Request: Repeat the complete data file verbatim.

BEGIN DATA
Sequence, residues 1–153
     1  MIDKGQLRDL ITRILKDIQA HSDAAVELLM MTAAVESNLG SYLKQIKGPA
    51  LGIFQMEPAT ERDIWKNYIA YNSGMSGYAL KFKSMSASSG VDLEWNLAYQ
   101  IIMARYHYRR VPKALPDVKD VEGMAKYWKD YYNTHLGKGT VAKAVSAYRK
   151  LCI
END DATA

Sequence, residues 1–153
     1  MIDKGQLRDL ITRILKDIQA HSDAAVELLM MTAAVESNLG SYLKQIKGPA
    51  LGIFQMEPAT ERDIWKNYIA YNSGMSGYAL KFKSMSASSG VDLEWNLAYQ
   101  IIMARYHYRR VPKALPDVKD VEGMAKYWKD YYNTHLGKGT VAKAVSAYRK
   151  LCI